Shattered Dreams

Between 1967 and 1972 the Vietnam War caused a deep unrest in the youth of America to come to the surface. Along with the three assassinations of John F. Kennedy, Martin Luther King, Jr., and Robert Kennedy in a five-year period (1963-1968), growing anti-war sentiment catapulted that restlessness into a movement that could not be contained. It broke out on the Berkeley campus through the Free Speech movement. Almost overnight, opposition to the war became the catalyst for speaking out against the infrastructure of Nixon America and the American culture.

At first it was not so clear that there was an underlying spiritual hunger in the youth of America. Their collective cry reverberated feelings that “We are not our parents,” “We are not university trustees,” “We are not American capitalists,” and “We do not want to die in a senseless war.” They had given up on the values of past generations and were willing to strike a new course, even though they did not know where it would lead. They saw established Christianity as having nothing and doing nothing about the problems they were concerned about. The last thing they wanted to do was to sit on a pew and hear another sermon that fueled the status quo of mainstream American life.

There was also a very strong reaction against the misuse of America’s great wealth. The “60s was the height of the empire, a time when the government and the people had access to the most money ever available. But in the eyes of this generation, America’s wealth was being squandered building a war machine and fattening the pockets of giant corporations while many lived beneath the poverty line in a near welfare state. Neither the politicians nor the preachers were doing anything to end the economic injustice this generation saw all around them. This environment was the hotbed of rebellion for that whole generation.

Love was the answer! LSD was the way! A revolution had begun! “Make love, not war” was the philosophy that caused the youth at Berkeley and all across the land to shed their parents’ values, their religion, and their American dream. They cast off restraint and followed their own dreams. In their search for a place to belong they participated in “acid tests,” went to Merry Pranksters events, “Human Be-Ins” in Golden Gate Park, Whole Earth Festivals, Grateful Dead shows, and experiments with communal living.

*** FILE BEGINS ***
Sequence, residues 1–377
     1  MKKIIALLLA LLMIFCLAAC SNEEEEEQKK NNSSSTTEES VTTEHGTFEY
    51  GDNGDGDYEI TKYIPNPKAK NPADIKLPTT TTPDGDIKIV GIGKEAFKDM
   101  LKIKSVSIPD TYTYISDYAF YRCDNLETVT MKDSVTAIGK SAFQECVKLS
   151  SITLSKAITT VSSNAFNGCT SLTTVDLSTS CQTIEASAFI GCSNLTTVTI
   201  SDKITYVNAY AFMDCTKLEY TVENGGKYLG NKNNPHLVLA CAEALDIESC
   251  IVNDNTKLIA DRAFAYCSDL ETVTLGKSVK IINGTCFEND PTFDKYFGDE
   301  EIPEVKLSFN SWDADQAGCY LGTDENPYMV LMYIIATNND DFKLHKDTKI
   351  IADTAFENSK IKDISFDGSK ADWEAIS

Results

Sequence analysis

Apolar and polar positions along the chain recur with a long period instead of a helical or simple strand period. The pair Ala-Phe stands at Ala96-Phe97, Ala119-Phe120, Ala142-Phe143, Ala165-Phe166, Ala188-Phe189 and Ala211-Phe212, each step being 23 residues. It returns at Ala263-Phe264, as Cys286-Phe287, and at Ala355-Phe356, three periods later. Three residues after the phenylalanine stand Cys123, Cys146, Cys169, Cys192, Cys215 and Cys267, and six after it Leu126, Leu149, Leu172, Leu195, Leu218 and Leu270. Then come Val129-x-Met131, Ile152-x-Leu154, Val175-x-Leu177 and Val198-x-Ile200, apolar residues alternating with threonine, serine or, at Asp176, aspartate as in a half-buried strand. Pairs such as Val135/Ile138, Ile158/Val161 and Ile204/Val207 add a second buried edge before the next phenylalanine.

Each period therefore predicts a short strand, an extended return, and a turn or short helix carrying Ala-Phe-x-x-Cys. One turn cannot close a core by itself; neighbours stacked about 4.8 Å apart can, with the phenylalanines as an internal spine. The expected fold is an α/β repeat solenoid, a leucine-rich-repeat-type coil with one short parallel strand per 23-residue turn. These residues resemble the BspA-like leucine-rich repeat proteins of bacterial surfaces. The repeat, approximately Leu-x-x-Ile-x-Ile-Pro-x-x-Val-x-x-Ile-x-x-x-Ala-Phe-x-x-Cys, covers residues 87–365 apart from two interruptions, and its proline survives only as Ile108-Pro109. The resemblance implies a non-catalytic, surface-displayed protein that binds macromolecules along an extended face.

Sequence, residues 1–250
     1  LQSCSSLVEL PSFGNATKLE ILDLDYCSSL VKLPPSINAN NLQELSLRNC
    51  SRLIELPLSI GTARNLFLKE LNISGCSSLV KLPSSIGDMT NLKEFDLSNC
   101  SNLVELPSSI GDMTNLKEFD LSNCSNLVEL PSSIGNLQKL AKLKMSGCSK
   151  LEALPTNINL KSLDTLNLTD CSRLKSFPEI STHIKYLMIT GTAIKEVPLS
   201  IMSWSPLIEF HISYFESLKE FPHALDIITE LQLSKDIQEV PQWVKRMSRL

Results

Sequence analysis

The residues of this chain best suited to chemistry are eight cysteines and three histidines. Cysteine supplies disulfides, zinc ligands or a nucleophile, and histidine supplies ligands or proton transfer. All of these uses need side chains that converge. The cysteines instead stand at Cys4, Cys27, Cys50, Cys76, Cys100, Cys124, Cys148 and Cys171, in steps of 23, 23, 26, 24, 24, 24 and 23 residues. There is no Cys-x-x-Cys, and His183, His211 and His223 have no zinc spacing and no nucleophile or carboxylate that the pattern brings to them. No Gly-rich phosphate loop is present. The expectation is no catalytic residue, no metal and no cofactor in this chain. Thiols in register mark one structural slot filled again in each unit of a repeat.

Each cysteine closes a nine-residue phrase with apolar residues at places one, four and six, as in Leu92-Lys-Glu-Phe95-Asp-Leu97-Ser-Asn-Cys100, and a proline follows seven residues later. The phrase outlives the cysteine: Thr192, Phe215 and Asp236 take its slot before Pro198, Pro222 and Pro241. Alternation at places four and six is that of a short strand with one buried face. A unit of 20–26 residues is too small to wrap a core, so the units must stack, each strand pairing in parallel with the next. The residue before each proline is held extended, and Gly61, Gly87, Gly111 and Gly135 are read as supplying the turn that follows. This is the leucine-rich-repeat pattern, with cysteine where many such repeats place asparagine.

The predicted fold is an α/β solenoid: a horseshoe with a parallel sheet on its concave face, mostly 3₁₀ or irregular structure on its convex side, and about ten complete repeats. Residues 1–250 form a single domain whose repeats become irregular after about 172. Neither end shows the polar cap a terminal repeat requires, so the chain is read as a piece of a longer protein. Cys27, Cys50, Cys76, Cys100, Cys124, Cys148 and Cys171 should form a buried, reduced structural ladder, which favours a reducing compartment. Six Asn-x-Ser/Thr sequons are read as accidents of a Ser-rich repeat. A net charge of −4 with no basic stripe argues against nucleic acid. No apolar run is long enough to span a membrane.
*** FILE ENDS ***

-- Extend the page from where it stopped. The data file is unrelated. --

But it didn’t take long for the dreams to shatter. The leadership of the Movement was a disaster, old-fashioned greed began to raise its ugly head, and the LSD didn’t work. Drugs only eased the pain but didn’t change the reality. John Lennon’s song Imagine was only good ideas with no way to attain to them. Free love didn’t last, so neither did relationships. A lot of young people were deeply damaged by this. They still wanted love. They wanted something radical. They wanted something real, not just a utopian ideal.

Even before the hippie movement crashed, the preachers were ready to cash in on it. They, too, showed up for the Free Speech Movement in Berkeley and took advantage of the opportunity to speak out on campus. They latched onto the same themes of the “60s and pointed the disillusioned hippies to Jesus. These preachers had long hair, wore beads and blue jeans. Through their dark shades and hip talk, they promised these searching young people that Jesus would give them love, he would solve their problems and he would heal the damage from the failed Movement of the radical hippies.

These brand new “Jesus Freaks” heeded the call, thinking they were being led out of the camp of dead religion that had no answers and no life and into the camp of Jesus where they would find the love they were looking for. This was the real revolution... the Jesus Revolution! They had finally found a life of love — a Jesus’ love! It looked so real and it felt so real to them. After all, these preachers were part of them, or so it seemed. Gone was the rigid structure of organized religion they had known growing up. They were not meeting in church buildings but on beaches and in parks. They weren’t singing stuffy old hymns, but their own music, with beautiful melodies played on acoustic guitars. Love, peace, and harmony were possible and they believed it couldn’t fail. They were getting high on Jesus and didn’t need anything else. There was a free-flowing stream of good feelings, good vibes, and praise to the Jesus that made it happen. Yes! This was real, and this was going to last forever.